Suppose that $\mathbb A = (A, +)$ is a (possibly non-commutative) group, and denote by $p(\mathbb A)$ the minimum of $|S|$ as $S$ ranges in the set of non-trivial subgroups of $\mathbb A$, with the convention of taking $p(\mathbb A) := 1$ if $\mathbb A$ is trivial. Then, pick non-empty subsets $X$ and $Y$ of $A$. The following result is part of the folklore (in fact, a straightforward application of Kneser's theorem):

Theorem 1.If $\mathbb A$ is commutative then $|X+Y| \ge \min(p(\mathbb A), |X| + |Y| - 1).$

(This boils down to the (classical) Cauchy-Davenport theorem when $\mathbb A$ is a cyclic group of prime order.) The same result is known to hold if "commutative" in the previous statement is replaced with "finite"; this was first proved by G. Károlyi in 2005 [1], based on the Feit-Thompson theorem by reduction to the case of finite solvable groups, and recently re-proved by Ruzsa (see the comments below) as a consequence of a stronger result, which gets even rid of the assumption of finiteness. I.e., Ruzsa proves the following:

Theorem 2.$|X+Y| \ge \min(p(\mathbb A), |X| + |Y| - 1)$ no matter if $\mathbb A$ is finite or infinite, commutative or not.

But Ruzsa's result is something new, so it is *plausible* that Theorem 2 has been presented as a "conjecture" for a while. Then, my first question is:

Q1.A similar "conjecture"shouldhave at least one father/mother. What is his/her name? To wit, is there any paper, book, etc. where it has been first statedexplicitly? For what I can say, this is the case neither with [1] nor with [2] (where Károlyi gives a self-contained proof of Theorem 2 for the abelian case that doesn't even refer to Kneser's theorem).

Now, Theorem 2 can be restated in much more general terms by assuming that $\mathbb A$ is a unital magma (instead of a group) and replacing "subgroups" in the above with "submagmas". So my next question is:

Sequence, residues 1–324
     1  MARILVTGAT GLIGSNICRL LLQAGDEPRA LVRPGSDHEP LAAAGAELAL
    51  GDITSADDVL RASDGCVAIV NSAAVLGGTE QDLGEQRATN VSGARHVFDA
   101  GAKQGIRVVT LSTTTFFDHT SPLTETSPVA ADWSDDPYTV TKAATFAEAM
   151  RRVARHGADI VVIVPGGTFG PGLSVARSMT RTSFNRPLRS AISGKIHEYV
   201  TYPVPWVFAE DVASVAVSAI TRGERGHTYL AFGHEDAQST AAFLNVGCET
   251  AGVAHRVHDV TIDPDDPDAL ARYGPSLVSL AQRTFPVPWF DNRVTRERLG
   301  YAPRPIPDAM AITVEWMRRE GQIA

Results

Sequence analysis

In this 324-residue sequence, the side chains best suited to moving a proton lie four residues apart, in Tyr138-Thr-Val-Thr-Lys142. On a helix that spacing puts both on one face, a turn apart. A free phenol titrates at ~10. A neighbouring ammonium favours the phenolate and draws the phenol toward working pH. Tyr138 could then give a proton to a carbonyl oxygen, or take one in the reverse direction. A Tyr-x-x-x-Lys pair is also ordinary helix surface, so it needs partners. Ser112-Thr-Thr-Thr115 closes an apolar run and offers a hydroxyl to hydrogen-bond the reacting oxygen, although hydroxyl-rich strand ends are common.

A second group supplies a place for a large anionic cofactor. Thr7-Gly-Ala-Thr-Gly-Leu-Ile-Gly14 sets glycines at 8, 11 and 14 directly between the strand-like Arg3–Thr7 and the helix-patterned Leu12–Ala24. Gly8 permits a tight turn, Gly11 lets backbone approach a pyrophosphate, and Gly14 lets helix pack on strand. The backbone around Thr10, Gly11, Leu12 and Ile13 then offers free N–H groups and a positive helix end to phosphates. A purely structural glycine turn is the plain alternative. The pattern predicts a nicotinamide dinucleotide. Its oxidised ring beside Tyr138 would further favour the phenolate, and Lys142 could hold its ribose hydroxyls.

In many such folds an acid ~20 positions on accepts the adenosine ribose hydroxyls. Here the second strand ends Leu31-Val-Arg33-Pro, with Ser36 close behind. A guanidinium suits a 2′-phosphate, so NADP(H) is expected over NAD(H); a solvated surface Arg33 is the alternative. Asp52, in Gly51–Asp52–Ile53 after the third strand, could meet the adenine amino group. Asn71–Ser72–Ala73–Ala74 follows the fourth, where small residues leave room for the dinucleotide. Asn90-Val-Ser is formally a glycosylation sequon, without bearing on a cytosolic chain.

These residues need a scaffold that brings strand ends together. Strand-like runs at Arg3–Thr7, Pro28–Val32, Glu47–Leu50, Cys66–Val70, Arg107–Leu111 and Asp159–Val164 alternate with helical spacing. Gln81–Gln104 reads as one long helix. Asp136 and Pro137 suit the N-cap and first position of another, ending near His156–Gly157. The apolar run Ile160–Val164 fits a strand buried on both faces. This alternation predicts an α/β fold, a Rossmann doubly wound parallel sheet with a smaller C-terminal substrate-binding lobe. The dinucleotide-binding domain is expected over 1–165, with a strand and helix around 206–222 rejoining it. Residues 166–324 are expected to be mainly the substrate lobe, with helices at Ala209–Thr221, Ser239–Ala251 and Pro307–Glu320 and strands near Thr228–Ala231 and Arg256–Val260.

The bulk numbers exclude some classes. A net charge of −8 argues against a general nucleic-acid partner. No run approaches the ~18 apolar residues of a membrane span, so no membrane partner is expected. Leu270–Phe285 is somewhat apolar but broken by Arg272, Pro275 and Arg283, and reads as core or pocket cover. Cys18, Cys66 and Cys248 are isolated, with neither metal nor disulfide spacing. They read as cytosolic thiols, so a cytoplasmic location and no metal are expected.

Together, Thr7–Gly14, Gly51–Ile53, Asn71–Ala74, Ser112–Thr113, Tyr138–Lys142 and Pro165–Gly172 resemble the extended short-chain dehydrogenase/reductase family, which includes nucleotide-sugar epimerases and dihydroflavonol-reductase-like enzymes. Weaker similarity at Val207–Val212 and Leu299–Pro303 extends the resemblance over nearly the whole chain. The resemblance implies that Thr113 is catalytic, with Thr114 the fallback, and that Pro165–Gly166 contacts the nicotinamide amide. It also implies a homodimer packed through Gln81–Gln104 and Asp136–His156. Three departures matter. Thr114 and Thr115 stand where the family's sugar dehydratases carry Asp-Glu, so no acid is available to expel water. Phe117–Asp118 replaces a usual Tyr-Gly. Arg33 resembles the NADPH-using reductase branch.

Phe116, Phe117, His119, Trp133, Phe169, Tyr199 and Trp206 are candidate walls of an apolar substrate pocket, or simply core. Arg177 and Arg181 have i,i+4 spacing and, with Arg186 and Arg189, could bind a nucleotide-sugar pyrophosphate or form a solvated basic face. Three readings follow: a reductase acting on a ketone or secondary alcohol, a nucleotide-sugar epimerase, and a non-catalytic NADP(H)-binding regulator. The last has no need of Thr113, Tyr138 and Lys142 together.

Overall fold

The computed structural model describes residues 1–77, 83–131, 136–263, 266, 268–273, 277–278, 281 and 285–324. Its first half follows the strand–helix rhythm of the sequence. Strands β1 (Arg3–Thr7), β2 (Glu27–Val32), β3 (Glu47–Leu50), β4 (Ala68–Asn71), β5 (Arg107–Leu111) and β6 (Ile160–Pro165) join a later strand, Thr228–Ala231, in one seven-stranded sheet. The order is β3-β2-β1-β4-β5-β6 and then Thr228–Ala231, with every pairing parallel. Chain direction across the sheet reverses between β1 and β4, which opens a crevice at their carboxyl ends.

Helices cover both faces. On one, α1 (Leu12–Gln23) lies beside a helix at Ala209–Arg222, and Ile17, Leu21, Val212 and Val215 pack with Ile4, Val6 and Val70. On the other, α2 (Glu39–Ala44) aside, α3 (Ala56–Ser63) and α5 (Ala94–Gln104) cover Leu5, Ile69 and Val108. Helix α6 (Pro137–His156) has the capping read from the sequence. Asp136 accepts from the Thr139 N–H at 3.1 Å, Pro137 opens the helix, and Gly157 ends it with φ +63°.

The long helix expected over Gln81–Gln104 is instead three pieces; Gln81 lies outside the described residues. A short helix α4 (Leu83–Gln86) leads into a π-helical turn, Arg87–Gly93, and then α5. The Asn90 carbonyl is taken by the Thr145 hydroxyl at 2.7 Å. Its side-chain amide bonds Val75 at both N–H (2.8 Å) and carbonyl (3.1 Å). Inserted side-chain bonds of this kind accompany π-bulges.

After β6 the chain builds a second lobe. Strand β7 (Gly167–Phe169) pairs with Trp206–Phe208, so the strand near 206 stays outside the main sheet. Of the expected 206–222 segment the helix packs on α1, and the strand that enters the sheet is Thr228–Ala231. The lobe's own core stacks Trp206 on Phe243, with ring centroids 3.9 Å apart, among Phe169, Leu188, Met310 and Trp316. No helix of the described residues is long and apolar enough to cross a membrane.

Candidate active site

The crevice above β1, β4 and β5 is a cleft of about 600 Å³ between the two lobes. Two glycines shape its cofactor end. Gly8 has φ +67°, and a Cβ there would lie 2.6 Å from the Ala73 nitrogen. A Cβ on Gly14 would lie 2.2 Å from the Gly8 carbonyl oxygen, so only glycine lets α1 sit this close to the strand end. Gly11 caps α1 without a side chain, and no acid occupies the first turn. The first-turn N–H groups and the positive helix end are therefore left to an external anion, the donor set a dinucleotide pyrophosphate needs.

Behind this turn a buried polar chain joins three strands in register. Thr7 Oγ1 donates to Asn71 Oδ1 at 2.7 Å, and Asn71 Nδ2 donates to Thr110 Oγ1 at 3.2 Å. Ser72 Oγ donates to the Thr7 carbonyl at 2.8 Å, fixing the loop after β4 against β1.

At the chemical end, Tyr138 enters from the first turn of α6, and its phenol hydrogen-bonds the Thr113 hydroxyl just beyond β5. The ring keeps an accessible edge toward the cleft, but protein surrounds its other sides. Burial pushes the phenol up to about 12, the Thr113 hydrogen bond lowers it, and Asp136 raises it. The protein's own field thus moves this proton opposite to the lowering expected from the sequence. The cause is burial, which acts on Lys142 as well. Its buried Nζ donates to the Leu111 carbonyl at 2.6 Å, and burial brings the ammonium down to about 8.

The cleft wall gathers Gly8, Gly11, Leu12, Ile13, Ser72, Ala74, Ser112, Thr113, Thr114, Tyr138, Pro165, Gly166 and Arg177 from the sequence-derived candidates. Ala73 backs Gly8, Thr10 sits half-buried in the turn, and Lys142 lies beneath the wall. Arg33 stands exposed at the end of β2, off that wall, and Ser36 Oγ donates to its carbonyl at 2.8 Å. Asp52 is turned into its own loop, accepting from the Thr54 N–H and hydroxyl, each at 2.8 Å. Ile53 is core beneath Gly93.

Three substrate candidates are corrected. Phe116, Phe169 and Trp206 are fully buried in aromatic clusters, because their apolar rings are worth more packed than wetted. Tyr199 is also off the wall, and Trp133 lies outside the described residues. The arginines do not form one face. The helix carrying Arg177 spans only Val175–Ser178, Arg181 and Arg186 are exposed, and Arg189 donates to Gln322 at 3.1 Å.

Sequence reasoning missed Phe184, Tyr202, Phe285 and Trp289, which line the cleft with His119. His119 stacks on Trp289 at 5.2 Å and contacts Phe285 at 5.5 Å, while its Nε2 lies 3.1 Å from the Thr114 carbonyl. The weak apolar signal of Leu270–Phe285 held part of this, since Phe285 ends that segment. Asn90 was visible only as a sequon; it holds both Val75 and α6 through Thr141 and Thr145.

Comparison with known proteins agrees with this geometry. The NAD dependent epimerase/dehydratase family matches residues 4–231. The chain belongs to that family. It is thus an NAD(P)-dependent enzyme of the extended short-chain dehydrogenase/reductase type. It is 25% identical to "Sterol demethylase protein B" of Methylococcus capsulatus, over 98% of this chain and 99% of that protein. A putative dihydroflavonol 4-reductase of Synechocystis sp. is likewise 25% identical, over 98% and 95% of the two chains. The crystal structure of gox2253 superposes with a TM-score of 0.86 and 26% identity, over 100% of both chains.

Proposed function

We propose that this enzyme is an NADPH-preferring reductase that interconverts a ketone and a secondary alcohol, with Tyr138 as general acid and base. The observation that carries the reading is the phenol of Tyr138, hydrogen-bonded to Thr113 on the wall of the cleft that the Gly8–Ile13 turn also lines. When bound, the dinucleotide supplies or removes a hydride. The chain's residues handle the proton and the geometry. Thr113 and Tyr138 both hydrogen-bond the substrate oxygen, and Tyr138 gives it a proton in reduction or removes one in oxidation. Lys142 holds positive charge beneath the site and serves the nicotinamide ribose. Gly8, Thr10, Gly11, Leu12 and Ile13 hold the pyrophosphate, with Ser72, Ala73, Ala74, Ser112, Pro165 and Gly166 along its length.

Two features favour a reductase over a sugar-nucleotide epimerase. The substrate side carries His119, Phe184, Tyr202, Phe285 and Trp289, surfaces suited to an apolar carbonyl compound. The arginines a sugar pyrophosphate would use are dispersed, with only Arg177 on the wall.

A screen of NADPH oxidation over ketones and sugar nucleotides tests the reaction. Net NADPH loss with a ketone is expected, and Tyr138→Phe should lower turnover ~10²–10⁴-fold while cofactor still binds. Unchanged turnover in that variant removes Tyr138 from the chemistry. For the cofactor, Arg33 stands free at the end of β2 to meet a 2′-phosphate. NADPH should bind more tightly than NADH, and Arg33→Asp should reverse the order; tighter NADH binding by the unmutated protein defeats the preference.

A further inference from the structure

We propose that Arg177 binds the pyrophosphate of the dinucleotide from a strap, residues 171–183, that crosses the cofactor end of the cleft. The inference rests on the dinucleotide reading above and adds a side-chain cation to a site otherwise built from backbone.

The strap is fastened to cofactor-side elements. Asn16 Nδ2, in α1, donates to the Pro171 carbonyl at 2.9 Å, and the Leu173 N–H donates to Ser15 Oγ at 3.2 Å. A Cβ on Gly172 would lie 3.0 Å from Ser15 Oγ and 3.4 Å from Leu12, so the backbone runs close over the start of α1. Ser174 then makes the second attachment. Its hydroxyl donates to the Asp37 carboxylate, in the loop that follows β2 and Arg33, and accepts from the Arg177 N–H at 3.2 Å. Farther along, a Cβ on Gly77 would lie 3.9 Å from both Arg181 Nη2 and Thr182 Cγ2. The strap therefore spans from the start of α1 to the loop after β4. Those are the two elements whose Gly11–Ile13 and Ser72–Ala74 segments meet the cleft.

Q2.What is known about the general "conjecture"? That is, are there partial results related to (classes of) magmas which do not embed into a group?

For any purpose it may serve, let me mention that I've something in these lines for the case when $\mathbb A$ is a cancellative monoid, $X \cap \mathbb A^\times$ is non-empty, and the smallest submonoid of $\mathbb A$ containing $X$ is commutative (or dually with $Y$ in place of $X$). Also, I believe I've a proof in the case when $\mathbb A$ is a cancellative monoid, either commutative or not, and $(X+Y) \cap \mathbb A^\times$ is non-empty. But I dislike much the assumption on the units (somehow, it doesn't look very "natural"), so any insight that could help to get rid of it would be greatly appreciated. In particular, I'd like to hear of alternative (or possibly more general) results.

**Update (12/06/2013).** It was observed below, in the comments to Gerhard Paseman's answer, that there exist commutative non-associative magmas with arbitrarily large subsets for which **Q2** is answered in the negative. So it seems natural to ask the following:

Q3.Does the general "conjecture" hold if $\mathbb A$ is associative and/or cancellative?

**Bibliography.**

[1] G. Károlyi, *The Cauchy-Davenport theorem in group extensions*, L'Enseignement Mathématique 51 (2005), 239-254.

[2] -----------, *A compactness argument in the additive theory and the polynomial method*, Discrete Math. 302 Nos 1-3 (2005), 124-144.

youmean by a quasigroup? Also, why do you mention that a finite cancellative magma should have a one sided unit? To wit, what's the link with the questions in the OP? Let it be as it may, if my guess is correct and you're using "unit" for "identity" (what else otherwise?), then I don't know the answer to your question. – Salvo Tringali Jun 12 '13 at 17:40